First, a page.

Magnet Hospital Program Weathers the Storm
Even Hurricane Matthew couldn’t put a damper on the 2016 ANCC Magnet conference
Nearly 10,000 nurses gathered in Orlando in early October to celebrate nursing excellence at the 2016 ANCC National Magnet Conference: Empowering Nurses to Transform Health Care. The attendees shared experiences, celebrated achievements, and learned new techniques for advancing Magnet qualities in their hospitals--despite their meetings being cut short by Hurricane Matthew.
“Magnet is definitely a growing trend,” said Jan Moran, MPA, BSN, RN, director of the Magnet Recognition Program at the American Nurses Credentialing Center (ANCC), a subsidiary of the American Nurses Association (ANA).
22 years promoting nursing excellence
Since the program began in 1994, about 444 hospitals have achieved ANCC Magnet status, as of mid-October 2016. Moran said that the Commission on Magnet reviews reports from hospital appraisers every month, resulting in more Magnet-designated hospitals.
“Magnet is a great roadmap for nursing to follow,” Moran said. “Each piece of the model is an opportunity to set the groundwork and a framework for organizations to move nursing forward.”
Hospitals often use the Magnet model as part of their strategic planning. Moran said the Magnet model is a good one for hospitals to adopt when they are trying to re-energize their nursing workforce or restructure. Magnet is a voluntary designation. Some hospitals choose to follow the model without seeking official designation, said Moran.
“It gets you to follow a path that leads you to that venue of excellence,” she explained.
Multiple studies have found evidence of better patient outcomes in Magnet hospitals. Matthew D. McHugh, Ph.D., JD, MPH, RN, at the University of Pennsylvania reported in 2013 that Magnet hospitals have lower mortality rates than other hospitals. Christopher R. Friese, Ph.D., RN, an assistant professor at the University of Michigan School of Nursing, confirmed the lower mortality rate and reported in 2015 that “patient outcomes were significantly better in Magnet hospitals than in non-Magnet hospitals”
“It’s proof nurses working collaboratively with other disciplines, with the point of focus being the patient and making sure their care is better based on evidence, based on research,” Moran said. “It clearly shows those [Magnet] hospitals have better outcomes in their clinical indicators and outcomes for their patients.”
Honoring Magnet nurses and hospitals
Hurricane Matthew forced the AACN to close conference activities early on Thursday, October 6, 2016, but not before everyone in attendance celebrated the Magnet nurses of the year and their work. The 2016 National Magnet Nurse of the Year award winners include:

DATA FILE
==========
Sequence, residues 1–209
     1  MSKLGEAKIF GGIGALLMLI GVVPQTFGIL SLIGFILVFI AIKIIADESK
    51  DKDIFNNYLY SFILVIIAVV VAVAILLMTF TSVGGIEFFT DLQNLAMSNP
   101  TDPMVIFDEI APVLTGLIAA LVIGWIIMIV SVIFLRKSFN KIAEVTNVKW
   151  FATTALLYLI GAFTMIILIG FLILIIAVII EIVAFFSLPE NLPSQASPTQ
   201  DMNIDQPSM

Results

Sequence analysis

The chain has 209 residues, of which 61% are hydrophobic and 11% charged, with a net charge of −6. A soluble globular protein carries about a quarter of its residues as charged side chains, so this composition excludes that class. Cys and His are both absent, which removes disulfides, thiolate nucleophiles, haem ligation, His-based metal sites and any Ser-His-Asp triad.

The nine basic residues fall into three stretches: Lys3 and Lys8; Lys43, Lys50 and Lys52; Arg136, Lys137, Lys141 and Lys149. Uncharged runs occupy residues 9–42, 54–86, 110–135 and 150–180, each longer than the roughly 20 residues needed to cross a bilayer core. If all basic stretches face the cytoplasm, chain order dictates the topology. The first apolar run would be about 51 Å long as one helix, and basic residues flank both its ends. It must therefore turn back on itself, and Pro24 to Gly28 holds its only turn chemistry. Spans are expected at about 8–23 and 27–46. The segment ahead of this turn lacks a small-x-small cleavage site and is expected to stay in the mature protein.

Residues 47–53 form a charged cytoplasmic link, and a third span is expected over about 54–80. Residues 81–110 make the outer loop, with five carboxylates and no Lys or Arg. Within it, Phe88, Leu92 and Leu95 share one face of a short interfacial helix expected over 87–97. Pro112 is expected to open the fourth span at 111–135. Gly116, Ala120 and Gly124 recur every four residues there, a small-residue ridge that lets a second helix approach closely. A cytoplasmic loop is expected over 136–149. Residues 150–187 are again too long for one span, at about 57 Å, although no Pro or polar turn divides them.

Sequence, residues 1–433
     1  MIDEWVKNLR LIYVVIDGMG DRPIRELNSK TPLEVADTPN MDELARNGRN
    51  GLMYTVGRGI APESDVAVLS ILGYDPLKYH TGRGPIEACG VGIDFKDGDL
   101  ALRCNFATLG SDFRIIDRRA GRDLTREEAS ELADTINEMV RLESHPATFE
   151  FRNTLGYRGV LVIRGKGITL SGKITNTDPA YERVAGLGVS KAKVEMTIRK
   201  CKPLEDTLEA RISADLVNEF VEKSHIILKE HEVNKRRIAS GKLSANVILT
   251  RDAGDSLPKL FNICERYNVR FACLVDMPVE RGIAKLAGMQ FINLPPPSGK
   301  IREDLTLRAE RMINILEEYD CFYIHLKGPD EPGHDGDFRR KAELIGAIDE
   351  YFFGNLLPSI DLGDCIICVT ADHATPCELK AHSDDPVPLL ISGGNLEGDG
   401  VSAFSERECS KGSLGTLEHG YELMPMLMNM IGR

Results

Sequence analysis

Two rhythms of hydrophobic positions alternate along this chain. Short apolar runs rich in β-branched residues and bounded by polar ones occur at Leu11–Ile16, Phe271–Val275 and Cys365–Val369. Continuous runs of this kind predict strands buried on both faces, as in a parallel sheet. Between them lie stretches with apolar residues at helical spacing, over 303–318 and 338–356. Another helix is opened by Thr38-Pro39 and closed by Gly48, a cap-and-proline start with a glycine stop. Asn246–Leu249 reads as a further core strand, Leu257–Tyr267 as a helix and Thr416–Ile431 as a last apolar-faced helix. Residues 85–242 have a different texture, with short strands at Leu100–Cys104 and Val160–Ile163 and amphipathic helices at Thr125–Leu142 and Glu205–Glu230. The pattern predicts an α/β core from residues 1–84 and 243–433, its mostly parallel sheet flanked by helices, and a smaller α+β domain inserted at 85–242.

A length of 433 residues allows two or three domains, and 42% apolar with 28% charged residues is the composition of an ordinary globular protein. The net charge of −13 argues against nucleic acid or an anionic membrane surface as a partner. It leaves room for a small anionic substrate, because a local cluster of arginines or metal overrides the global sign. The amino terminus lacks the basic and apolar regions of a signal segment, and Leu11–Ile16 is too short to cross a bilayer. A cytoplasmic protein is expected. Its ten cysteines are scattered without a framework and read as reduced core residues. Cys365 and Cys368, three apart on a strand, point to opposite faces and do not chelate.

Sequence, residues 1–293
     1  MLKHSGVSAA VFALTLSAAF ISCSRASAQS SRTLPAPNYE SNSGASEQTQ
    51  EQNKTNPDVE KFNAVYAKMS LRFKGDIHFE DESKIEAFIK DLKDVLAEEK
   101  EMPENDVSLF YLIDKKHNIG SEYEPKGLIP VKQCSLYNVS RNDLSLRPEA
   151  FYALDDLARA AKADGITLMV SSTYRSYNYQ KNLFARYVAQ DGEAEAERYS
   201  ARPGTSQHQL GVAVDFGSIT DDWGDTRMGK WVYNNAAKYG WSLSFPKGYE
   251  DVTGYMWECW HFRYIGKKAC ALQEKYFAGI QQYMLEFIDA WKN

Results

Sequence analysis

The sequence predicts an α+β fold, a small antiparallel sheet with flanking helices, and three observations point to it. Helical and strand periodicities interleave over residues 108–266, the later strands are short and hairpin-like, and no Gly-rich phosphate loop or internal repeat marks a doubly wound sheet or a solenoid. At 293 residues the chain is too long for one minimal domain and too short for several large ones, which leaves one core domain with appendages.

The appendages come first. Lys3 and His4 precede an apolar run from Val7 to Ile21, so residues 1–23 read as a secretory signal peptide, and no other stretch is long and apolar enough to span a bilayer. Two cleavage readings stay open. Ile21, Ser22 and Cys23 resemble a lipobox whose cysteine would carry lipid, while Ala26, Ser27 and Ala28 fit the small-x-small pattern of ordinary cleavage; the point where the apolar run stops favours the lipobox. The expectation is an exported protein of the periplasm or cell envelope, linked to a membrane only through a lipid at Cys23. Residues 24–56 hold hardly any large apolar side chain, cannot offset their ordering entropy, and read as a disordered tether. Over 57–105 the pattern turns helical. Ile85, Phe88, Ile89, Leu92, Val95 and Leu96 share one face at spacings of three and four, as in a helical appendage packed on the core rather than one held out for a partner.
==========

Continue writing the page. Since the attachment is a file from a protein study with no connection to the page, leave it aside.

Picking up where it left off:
• Anne C. Boatright, MSN, RN, SANE, at Nebraska Methodist Hospital in Omaha for Transformational Leadership;
• Barbara M. Richardson, MSN, RN-BC, CCRN, at Southwestern Vermont Medical Center in Bennington for Structural Empowerment;
• Sharon A. Vanairsdale, MS, APRN, ACNS-BC, NP-C, CEN, at Emory University Hospital in Atlanta for Exemplary Professional Practice;
• Christi D. DeLemos, MSN, CNRN, ACNP-BC, at the University of California Davis Medical Center in Sacramento for New Knowledge, Innovations and Improvement; and
• Colleen K. McIlvennan, DNP, RN, ANP-BC, at the University of Colorado Hospital in Aurora for Empirical Outcomes.
As part of the Magnet conference, attendees also congratulated all of the new and redesignated facilities.
“Representatives from each of the hospitals march up on the stage,” Moran said. “They have their banners and wear blinking lights and props to hoop and holler and celebrate.”
Additionally, the attendees--including nurses from Magnet hospitals and those seeking additional information about the program--heard from keynote speakers: television personality Montel Williams, author Simon Bailey and Australian humorist Amanda Gore. More than 150 concurrent sessions took place in four educational tracks:
• Evidence-based practice/research
For some in attendance, “It’s the first view into the benefits of being able to network with nurses from across the country and across the world,” Moran said.
Magnet officials met with attendees from other countries about challenges and questions they may have about Magnet.
While the networking and education was cut short, Moran and the AACN staff consider it a successful event. She praised the planning and production teams with making every aspect of the event perform at a high standard.
“I just wish we had another day and a half to continue the great celebration and recognition of nursing,” Moran concluded. “It was cut short, but we packed a lot in.”
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